So I feel like I would encourage your subscribership, anybody listening to this, to say, okay, do you what's the purpose of your company? What are the five things they are best at? What are the next five things they get beaten by the competition? How do they make their money? What's the Pareto? What's the cost structure? How do you drive people? What motivates people in that industry? What's the reimbursement look like? 

And I feel like those, I've seen time and time again, Joe, where project managers who understand industry knowledge, are just that much better at their job, because they can answer questions like the why. They can connect people to a higher purpose. They can reinforce the business purpose frequently. I feel like that's something that should be non-negotiable.


So I've heard quite a bit, a nice thread through the whole conversation, I heard a lot about lifelong learning, whether it's yourself or within your organization. And I would suspect that you'd want to encourage that on the audience here today to really pursue that. We definitely heard it today. So how could you, what kind of advice could you offer our listeners on future-proofing their capabilities and their careers?


I would say there are three things, if I would conclude this conversation, Joe, that have again served me well in my life, and I believe all three of these things are under your control. And those are your attitude, your preparedness, and then effort during game time. And I teach this to my children, at least I try to. For anybody who has kids, you can only say so much, and then they make their own decision.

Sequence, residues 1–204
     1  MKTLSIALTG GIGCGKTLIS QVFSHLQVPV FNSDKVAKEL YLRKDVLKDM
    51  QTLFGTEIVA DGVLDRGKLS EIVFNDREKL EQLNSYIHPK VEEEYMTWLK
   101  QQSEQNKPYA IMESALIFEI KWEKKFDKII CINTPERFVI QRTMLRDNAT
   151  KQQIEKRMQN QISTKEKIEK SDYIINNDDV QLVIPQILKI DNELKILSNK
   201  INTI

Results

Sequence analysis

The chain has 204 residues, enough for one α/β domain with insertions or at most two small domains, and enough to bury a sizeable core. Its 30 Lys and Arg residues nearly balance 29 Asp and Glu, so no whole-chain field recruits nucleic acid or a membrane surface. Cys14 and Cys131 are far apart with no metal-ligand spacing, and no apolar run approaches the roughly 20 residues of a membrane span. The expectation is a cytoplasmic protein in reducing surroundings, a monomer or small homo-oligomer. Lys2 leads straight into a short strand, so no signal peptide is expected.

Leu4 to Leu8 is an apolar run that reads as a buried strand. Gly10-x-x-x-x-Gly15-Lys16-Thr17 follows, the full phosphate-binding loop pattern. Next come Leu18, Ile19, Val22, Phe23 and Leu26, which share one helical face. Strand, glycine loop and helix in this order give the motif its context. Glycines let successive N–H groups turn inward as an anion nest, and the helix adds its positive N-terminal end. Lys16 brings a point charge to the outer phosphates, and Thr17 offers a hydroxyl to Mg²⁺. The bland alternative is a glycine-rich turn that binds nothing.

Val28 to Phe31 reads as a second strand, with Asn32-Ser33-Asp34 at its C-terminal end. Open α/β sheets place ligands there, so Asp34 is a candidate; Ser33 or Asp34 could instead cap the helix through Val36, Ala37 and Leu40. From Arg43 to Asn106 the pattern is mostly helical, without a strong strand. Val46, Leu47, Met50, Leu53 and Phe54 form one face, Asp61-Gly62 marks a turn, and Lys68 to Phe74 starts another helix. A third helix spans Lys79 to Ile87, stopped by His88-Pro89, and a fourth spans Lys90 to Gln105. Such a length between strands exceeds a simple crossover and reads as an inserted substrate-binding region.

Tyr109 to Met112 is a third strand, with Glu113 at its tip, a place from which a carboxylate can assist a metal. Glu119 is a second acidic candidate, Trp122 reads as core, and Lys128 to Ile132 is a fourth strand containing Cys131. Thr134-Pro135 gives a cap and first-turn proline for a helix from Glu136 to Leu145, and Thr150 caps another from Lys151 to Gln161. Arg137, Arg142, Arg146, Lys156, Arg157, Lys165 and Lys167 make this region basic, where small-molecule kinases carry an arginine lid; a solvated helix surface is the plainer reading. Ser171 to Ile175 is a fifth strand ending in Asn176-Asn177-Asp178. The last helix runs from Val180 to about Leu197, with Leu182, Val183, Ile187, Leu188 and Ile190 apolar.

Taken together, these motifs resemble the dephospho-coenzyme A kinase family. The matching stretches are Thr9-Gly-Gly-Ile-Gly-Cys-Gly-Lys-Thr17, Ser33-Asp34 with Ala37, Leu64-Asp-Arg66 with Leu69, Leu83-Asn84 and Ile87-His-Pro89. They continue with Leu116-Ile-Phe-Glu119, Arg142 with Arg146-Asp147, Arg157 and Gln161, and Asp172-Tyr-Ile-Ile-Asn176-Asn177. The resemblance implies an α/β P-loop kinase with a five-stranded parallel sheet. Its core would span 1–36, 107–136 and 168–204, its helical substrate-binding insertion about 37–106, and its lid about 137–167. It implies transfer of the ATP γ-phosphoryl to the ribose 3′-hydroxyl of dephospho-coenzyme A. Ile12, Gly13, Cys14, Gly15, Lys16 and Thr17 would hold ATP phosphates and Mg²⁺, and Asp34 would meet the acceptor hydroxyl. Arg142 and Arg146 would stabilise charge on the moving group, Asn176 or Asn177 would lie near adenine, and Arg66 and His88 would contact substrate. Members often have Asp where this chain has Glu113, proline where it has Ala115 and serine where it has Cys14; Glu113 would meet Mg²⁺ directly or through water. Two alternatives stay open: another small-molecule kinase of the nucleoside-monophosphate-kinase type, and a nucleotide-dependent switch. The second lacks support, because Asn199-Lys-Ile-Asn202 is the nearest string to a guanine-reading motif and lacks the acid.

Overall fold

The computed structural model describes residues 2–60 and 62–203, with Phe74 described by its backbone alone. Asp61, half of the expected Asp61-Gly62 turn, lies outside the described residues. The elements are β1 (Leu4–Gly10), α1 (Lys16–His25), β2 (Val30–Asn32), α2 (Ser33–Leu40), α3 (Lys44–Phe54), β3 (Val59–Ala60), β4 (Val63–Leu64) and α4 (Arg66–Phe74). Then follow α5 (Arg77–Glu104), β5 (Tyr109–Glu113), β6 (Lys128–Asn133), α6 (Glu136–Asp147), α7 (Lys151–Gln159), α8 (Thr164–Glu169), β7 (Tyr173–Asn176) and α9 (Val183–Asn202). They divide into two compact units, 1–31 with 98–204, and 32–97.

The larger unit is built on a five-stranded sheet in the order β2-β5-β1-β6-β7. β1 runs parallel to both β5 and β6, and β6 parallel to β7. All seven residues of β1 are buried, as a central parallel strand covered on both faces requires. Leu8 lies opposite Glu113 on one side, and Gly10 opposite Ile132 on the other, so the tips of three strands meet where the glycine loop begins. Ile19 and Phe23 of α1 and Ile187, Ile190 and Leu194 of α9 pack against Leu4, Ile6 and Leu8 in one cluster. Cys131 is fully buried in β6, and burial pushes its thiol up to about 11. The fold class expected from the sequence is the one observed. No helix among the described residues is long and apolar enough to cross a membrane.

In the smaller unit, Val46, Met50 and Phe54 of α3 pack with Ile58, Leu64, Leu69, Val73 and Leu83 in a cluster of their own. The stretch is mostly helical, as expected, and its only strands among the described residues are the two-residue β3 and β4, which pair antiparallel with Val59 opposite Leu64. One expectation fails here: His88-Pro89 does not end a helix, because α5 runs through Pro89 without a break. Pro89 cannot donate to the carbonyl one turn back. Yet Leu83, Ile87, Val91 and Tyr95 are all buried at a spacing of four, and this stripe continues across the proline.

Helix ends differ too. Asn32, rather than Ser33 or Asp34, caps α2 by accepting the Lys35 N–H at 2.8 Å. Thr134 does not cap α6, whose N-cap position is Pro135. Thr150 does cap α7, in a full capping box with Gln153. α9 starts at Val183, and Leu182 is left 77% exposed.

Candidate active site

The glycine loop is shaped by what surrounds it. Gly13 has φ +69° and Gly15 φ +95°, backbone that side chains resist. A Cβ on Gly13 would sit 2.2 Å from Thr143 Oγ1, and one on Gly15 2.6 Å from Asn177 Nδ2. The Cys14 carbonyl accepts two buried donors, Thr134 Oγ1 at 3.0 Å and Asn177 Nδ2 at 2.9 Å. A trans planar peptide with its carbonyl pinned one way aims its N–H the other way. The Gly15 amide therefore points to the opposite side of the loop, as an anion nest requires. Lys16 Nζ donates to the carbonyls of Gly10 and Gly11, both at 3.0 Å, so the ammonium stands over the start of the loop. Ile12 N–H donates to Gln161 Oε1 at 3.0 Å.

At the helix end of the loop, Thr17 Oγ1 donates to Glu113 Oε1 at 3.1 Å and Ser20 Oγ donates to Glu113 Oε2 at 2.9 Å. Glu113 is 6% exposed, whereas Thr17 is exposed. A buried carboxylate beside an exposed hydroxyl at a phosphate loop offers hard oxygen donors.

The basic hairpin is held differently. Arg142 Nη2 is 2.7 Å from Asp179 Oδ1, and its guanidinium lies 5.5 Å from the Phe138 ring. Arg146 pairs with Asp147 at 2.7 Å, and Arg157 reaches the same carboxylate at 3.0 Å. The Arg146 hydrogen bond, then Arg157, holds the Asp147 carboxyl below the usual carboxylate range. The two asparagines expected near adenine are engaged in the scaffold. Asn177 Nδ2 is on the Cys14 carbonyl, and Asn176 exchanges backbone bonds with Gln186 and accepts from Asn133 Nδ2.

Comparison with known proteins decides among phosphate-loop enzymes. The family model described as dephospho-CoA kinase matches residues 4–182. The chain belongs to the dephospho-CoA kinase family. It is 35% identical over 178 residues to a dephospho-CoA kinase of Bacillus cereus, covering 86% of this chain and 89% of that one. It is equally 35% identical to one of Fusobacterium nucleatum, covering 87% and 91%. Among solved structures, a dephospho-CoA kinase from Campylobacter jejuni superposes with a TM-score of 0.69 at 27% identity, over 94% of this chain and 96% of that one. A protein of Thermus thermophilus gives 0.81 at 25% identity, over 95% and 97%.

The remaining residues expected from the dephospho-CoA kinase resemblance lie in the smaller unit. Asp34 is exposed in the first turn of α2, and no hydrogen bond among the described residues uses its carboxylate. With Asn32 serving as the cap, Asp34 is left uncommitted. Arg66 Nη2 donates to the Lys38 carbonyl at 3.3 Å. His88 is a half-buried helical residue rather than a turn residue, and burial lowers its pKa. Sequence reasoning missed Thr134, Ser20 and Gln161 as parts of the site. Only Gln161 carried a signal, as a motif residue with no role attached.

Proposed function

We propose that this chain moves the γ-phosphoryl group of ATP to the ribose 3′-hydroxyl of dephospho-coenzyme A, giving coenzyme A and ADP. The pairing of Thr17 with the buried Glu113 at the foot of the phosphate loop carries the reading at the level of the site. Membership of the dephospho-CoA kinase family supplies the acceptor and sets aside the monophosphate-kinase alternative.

But I feel like those are the three things that have been under my direct control. And when it comes to preparedness, yeah, I try to improve myself every day. Every day is a learning and the more I learn, I feel like, I've so much more to learn. 

And I think as to future proofing people's capabilities, it also comes with these three things. If your attitude is not right, you really can't future proof anything. If you're not prepared, you will always have lack of confidence. And if you're not putting in the right effort, you know that you're not being truthful to your to yourself and your teammates. 

So I feel like attitude, preparedness and effort are things that are under one’s direct control. And I learned that the harder way, because in the beginning of my career, I was like, well, why is so and so not happening to me? Or this this promotion? Or how do I apply at this? And then I realized that there's a lot that I had to invest in myself, and then go compete against the best in the world.


You know what, it boils down to one thing, one word: choice. You have a choice to do these three things, and to do them well. 


Oh, that's well said, Joe. Yes, you have a choice.


It’s often missed, right? Because we make choices constantly every day. And you choose to do something else instead of these three things. Don't lose sight on that. You're making a choice to do something else. So choose these three things and you're going to find yourself in a better position, is what you're telling us.


And have fun. Have fun in your career. It's okay to be around people who inject humor. Who you can lay your guard down. They get to know you as your true self. I feel like those are things I wish I knew earlier when I was younger and naive.


Me too. So that's a fourth, we’ll add fun to the list. I really appreciate your insights today. It's been fantastic. I’d like to spend a lot more time with you but I know your time is very challenged. And everybody in the audience, I'm sure, learned something today. And we'd like to have you back some time, and I’d certainly like to meet you. Thank you again.


Thank you, Joe. It's been my honor and privilege, and thank you for having me today. I appreciate it. 


Thanks again, Yousuf.